Microsoft Office Tutorials and References
In Depth Information
Calculating the quantities
Rounding numbers
There is a problem with this spreadsheet, and it will only come to light when you
have an odd holiday. By that, I mean a holiday with an odd number of days, not a
short break dressing as a brontosaurus and making triﬂ es. Each to his own.
If you go away for seven days and the car hire is calculated as half your holiday,
the budget will calculate the costs of hiring a car based on 3.5 days. Most hire
ﬁ rms only hire a car for a whole day at a time. To make sure our budget reﬂ ects
this, we can ask Excel to round up our ﬁ gure for car hire days.
To do that, we use a function called ROUNDUP. We need to tell the function
what number we want to round, and how many decimal places we want the result
to have. If we say we don’t want any decimal places, we’ll get the next largest
whole number, which is exactly what we need.
To use the ROUNDUP function, we wrap it around our formula for days of car
hire. The formula so far is:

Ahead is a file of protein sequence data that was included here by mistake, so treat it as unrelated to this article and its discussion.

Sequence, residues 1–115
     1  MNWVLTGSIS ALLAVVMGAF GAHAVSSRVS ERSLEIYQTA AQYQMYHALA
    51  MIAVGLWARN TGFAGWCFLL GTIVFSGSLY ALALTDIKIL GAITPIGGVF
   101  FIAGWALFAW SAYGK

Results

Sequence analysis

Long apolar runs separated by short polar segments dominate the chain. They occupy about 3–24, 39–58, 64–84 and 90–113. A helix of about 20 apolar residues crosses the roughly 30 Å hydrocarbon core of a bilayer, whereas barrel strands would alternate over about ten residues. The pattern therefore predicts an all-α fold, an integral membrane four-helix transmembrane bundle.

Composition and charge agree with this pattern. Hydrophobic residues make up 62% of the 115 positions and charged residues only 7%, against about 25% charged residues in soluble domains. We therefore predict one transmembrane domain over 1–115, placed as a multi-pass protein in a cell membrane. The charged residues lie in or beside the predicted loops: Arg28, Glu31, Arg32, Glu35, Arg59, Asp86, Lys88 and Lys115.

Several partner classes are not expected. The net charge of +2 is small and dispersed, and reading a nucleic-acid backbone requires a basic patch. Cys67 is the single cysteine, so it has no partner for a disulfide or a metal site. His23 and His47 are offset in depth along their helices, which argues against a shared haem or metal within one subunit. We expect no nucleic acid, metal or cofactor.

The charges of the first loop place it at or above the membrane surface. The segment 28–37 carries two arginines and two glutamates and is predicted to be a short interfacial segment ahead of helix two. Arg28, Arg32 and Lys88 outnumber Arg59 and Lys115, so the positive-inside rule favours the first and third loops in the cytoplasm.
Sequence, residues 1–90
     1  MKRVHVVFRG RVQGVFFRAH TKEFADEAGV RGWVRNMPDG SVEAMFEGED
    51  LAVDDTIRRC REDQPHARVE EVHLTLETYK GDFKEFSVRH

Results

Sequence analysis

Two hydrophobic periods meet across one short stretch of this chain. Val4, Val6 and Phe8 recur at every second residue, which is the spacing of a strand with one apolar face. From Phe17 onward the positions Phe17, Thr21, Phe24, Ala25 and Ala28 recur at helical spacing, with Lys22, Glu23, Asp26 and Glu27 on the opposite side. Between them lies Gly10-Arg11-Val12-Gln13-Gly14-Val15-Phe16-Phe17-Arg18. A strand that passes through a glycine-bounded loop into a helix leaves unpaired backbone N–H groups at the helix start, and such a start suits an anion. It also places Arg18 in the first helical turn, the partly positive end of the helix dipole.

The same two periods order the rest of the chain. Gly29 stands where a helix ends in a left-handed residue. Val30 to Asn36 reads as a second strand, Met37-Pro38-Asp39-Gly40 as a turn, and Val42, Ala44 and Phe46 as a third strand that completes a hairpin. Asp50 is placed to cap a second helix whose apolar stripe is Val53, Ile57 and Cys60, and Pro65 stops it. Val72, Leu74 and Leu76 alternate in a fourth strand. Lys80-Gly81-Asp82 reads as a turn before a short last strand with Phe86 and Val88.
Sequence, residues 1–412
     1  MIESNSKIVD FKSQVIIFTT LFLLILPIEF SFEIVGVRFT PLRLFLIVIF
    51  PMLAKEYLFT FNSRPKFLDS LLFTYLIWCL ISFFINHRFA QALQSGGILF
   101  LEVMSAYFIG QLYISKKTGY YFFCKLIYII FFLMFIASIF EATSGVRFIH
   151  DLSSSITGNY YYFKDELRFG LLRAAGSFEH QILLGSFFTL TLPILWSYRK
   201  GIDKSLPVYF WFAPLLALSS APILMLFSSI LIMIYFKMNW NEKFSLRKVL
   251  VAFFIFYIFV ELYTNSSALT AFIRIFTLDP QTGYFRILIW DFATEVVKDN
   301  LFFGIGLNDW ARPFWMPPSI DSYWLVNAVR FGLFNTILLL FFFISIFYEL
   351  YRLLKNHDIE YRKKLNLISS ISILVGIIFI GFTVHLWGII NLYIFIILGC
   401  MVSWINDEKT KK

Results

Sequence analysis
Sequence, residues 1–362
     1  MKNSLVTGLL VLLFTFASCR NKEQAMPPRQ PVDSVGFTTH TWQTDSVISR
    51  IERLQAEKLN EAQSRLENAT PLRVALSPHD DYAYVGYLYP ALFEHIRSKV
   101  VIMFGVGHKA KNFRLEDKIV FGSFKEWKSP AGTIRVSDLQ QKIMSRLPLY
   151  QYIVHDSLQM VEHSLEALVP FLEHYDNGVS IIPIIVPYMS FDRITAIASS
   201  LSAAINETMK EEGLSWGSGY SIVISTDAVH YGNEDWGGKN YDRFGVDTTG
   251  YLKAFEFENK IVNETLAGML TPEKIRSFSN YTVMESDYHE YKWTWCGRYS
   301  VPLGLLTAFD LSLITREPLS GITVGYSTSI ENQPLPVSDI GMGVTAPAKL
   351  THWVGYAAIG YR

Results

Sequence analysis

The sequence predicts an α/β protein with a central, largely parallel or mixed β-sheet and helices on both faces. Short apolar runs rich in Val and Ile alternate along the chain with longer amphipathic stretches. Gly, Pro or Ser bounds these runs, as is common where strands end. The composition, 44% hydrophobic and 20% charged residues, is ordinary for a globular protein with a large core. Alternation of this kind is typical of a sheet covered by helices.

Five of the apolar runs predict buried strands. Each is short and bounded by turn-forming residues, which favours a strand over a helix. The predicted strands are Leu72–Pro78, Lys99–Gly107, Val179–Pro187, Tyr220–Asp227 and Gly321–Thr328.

=B1 / 2
To make its result always round up to the next whole number, change the formula to:
=ROUNDUP(B1 / 2, 0)
In English, this means, make the cell equal to a rounding up of the contents of cell
B1 divided by two, and don’t use any decimal places in the rounding.
Because you’ve based the petrol budget on the number of car hire days, you only
need to do this rounding for the car hire days. The number of days of petrol budget
automatically reﬂ ects your car hire days.
There is also a ROUNDDOWN function which works in the same way, but will
always round down. There is a ROUND function too, which rounds up or down
to the nearest number. A number that’s exactly in the middle (like 3.5) will be
rounded up.
I do like a well-rounded holiday!

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